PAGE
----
Elysium, located in the Elysium and Cebrenia quadrangles, is the second largest volcanic region on Mars, after Tharsis.[note 1] The region includes the volcanoes (from north to south) Hecates Tholus, Elysium Mons and Albor Tholus. The province is centered roughly on Elysium Mons at . Elysium Planitia is a broad plain to the south of Elysium, centered at . Another large volcano, Apollinaris Mons, lies south of Elysium Planitia and is not part of the province. Besides having large volcanoes, Elysium has several areas with long trenches, called fossa or fossae (plural) on Mars. They include the Cerberus Fossae, Elysium Fossae, Galaxias Fossae, Hephaestus Fossae, Hyblaeus Fossae, Stygis Fossae and Zephyrus Fossae.
The southeastern portion of the province is geochemically distinct from the northwest. The southeast is composed of sedimentary and porous rocks. The majority of the southeastern portion is made up of Amazonian-Hesperian volcanic units. Most of the remaining southeastern volcanic units are late Amazonian in nature. In recent history, there were significant groundwater deposits in the region.
It has been hard to study the composition of this province, due to the layer of dust that sits on top of the crust. Investigations in relatively dust-free regions indicate that it is made primarily of high-calcium pyroxene and olivine. To a lesser degree, the province is made up of hematite and hydrated silica, among other things. There are no strong magnetic fields in the region. There are some extant near-surface glacial deposits in the caldera of Hecates Tholus, a volcano in the province.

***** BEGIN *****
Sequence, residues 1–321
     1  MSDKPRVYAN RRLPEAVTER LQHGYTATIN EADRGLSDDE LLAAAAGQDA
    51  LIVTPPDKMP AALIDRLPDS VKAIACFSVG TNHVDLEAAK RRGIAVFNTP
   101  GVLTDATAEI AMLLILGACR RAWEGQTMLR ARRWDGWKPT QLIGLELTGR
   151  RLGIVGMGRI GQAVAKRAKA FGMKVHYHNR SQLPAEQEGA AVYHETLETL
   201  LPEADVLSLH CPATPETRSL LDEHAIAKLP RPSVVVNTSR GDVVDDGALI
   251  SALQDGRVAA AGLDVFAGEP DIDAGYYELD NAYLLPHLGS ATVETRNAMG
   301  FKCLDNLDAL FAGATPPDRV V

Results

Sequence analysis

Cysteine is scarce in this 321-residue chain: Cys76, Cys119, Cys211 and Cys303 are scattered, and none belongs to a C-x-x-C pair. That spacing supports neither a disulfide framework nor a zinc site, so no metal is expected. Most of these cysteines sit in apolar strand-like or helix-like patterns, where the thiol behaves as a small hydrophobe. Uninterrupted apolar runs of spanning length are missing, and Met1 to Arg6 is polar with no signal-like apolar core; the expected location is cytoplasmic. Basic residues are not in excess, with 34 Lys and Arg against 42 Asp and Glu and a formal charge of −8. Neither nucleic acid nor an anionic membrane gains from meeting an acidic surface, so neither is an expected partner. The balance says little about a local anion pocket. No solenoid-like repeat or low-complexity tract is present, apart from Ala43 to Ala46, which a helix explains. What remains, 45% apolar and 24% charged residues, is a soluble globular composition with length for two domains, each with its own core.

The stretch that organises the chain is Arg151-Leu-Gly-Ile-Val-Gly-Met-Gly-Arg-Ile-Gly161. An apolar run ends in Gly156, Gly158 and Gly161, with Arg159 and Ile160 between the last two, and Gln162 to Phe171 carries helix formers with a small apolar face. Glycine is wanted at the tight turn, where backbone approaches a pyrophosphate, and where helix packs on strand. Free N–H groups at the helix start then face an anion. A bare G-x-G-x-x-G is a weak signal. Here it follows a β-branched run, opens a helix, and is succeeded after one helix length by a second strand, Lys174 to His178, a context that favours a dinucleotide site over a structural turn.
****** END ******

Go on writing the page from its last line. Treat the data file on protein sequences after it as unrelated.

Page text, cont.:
The southeastern portion of the province is approximately 0.85 billion years younger than the northwestern. The region as a whole has been volcanically active for at least 3.9 billion years, with a peak 2.2 billion years ago, although activity has decreased considerably in the last billion years. The most recent volcanic activity dates to 2 million years ago. The southeastern portion overlaps with Cerberus Fossae; features in this region are thought to have formed due to volcanic and water-related processes, such as phreatomagmatism, relict ice flows, and interactions between lava and water. In general, many flow units in Elysium Planitia (such as Rahway Valles and Marte Vallis) are thought to have their origins in lava originating from this region.
Hecates Tholus erupted ~350 million years ago, with glacial deposits in the resulting caldera dating between 5 and 24 million years ago. Craters in the region are not generally typical of impacts; rather, they are thought to have formed due to explosive volcanism or collapse due to subsurface lava withdrawal.
The Elysium volcanic province was first noticed as a distinct martian region as a result of data obtained from the Mariner 9 mission, in the 1970s. In 2004, ESA's Mars Express orbiter's HRSC observed the volcanoes in the region. The InSight Lander landed just south of the province in 2018, in Elysium Planitia, and has detected marsquakes emanating from this region.
Troughs to the east of Albor Tholus, as seen by HiRISE under the HiWish program
Portion of a trough (fossa) in Elysium, as seen by HiRISE under the HiWish program (blue indicates probably seasonal frost)
A Cerberus Fossae trough, as seen from THEMIS
Wind-blown material darkens areas around a Cerberus Fossae trough (scale bar for HiRISE image is 500 m)
The Cerberus Fossae, as seen by HiRISE (scale bar is 1.0 km)
The Elysium Fossae, as seen by HiRISE (click on image to see layers)
Two views of the Hephaestus Fossae, as seen by HiRISE (picture on right lies to the top (north) of other picture). Fossae often form by material moving into an underground void.